So what this means is that we don’t need to fill our days with absolutely high moments all the time. We don’t need to feel joy all the time. But instead try and focus on cultivating smaller positive moments throughout our day. And I think we can do this by using mindfulness and just noticing the small moments of happiness that happen every day. Because I think there are a lot of things that do happen that we just don’t notice! So, for example, having that first sip of coffee in the morning, feeling the sun on your skin on your lunch break, getting lost in a good book. All of these are really really happy moments, but often we just won’t focus in on them as much and we won’t remember them.
So, for me, it’s really about making space to notice and appreciate those moments more. Something that can really help with that is documenting it. So this could be through a journal. I know a lot of people say that gratitude journal is a great way to go with this because you can note down all of the things that you’re grateful for and it just, I guess it gets your brain into the habit of remembering the good things.
And that is something I do every day, I’ll write one thing I’m grateful for. Even if it’s been a really shit day, there’s always something that you can find to be grateful for.
And, for me as well, another way of documenting is actually Instagram Stories. And I know that’s probably a little bit of a random one, but I find it’s helpful for me to capture the moments that I wouldn’t necessarily think about otherwise. So one thing I do every Friday morning is I do a little video of me pouring milk in my coffee and I play a song in the background, usually something really relaxing. And I tell you what, the amount of people that have messaged me and said how calming they find it, just to see the milk swirl with the coffee, the relaxing music overhead, it’s just, yeah. It’s a really simple thing but it seems to really resonate with people and it’s something of a ritual now, for me. Even if I wasn’t recording it on Instagram Stories, I think I would just take an extra moment every morning just to see that little swirl of milk and coffee and really enjoy it.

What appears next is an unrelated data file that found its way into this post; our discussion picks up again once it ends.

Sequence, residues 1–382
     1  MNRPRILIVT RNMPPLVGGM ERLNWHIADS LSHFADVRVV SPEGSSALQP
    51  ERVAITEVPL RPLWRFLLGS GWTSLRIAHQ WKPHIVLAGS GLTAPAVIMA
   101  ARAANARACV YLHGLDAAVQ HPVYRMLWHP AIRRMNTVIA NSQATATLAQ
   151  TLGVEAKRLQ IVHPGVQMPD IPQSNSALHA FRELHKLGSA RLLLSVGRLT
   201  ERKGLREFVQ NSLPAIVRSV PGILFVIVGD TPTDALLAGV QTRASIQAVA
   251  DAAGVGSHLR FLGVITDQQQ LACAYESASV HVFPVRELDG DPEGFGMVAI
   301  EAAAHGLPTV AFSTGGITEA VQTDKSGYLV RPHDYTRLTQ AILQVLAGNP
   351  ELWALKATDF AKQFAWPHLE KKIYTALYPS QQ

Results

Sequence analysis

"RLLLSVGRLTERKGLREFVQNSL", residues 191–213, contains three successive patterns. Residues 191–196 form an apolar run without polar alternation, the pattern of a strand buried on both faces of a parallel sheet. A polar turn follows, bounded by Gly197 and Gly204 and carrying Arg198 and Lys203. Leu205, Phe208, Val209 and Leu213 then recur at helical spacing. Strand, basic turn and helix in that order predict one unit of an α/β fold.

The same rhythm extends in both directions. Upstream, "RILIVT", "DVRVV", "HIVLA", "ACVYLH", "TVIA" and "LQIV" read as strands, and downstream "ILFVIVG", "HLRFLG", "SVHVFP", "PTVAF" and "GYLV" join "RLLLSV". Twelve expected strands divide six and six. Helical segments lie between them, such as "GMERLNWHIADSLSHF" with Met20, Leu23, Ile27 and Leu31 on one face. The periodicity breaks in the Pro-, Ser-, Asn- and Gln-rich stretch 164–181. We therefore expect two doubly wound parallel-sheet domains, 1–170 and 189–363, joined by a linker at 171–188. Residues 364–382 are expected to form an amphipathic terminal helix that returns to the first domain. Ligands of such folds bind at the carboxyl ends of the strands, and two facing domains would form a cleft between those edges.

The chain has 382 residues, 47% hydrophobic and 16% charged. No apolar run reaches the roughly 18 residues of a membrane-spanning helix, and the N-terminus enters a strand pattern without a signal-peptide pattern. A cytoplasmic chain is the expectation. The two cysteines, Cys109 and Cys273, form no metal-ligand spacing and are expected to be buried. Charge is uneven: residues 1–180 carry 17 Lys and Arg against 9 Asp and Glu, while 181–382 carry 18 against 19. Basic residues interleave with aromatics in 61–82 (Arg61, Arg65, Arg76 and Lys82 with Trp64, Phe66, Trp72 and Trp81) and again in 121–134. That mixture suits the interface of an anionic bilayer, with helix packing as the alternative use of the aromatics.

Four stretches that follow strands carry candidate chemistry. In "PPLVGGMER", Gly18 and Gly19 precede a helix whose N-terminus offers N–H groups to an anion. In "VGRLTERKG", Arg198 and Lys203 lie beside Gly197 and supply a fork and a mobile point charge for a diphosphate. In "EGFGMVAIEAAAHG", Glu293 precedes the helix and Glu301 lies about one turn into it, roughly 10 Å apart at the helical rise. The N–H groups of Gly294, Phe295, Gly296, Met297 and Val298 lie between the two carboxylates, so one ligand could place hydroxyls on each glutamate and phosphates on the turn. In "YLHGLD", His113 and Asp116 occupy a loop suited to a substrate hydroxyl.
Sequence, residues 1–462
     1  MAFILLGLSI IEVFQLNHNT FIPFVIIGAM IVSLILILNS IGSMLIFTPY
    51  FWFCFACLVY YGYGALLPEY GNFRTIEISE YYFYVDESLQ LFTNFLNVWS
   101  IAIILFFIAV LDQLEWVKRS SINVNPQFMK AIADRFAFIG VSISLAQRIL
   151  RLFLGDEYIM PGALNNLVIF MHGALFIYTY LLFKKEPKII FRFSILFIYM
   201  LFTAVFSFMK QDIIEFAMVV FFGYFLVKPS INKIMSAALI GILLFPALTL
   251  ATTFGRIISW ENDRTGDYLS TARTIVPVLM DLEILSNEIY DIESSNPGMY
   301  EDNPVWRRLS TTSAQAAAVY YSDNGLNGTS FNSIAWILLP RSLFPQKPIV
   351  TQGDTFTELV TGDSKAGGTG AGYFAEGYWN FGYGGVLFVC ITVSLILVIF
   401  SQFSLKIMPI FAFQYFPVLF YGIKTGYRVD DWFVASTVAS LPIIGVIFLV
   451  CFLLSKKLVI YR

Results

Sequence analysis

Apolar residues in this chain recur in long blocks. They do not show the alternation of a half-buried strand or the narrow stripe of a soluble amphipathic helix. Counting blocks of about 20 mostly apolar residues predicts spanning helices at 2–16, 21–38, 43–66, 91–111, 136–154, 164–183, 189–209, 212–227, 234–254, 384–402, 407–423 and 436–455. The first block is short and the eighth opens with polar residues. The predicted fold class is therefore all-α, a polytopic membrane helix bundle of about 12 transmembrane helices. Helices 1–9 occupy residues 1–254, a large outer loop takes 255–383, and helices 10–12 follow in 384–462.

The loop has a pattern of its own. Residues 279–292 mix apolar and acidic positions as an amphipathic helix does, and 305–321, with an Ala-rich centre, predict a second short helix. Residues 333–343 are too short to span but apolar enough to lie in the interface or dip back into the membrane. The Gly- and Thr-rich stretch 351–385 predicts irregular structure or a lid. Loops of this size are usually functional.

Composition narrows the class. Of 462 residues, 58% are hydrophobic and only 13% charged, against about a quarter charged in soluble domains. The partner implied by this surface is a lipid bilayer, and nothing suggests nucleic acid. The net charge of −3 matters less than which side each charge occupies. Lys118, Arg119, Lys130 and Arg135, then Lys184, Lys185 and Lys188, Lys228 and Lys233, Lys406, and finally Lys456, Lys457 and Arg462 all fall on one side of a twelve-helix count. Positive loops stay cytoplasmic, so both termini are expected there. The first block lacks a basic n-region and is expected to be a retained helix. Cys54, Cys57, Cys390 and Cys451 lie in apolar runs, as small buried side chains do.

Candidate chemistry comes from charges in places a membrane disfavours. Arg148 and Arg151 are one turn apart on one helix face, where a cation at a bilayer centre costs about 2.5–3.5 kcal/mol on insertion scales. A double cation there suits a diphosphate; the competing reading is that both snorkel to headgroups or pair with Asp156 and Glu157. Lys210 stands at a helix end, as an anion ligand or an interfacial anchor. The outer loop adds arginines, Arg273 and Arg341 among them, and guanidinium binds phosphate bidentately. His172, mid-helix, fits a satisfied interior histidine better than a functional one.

And yeah, I just think Stories can be a nice way of capturing the everyday moments that might not seem that incredible at the time, but then, when you look back on it, actually is pretty nice. And I know they only last 24 hours, but what I do sometimes is, if I’ve had a really nice day, if I’ve had a day out or something and I really love the Story, I just save it. There’s always the option to save it and then you can look back at it another time.